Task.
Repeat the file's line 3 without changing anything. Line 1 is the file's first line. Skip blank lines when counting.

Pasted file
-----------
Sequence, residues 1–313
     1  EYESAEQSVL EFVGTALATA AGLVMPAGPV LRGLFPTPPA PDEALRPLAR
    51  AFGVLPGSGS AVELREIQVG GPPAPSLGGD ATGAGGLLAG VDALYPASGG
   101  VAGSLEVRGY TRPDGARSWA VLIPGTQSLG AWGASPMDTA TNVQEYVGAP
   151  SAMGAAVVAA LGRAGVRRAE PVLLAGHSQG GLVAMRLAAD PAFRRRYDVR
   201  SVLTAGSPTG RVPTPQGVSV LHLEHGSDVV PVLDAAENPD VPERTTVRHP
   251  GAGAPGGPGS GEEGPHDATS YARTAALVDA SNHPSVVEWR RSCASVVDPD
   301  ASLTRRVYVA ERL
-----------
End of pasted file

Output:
    51  AFGVLPGSGS AVELREIQVG GPPAPSLGGD ATGAGGLLAG VDALYPASGG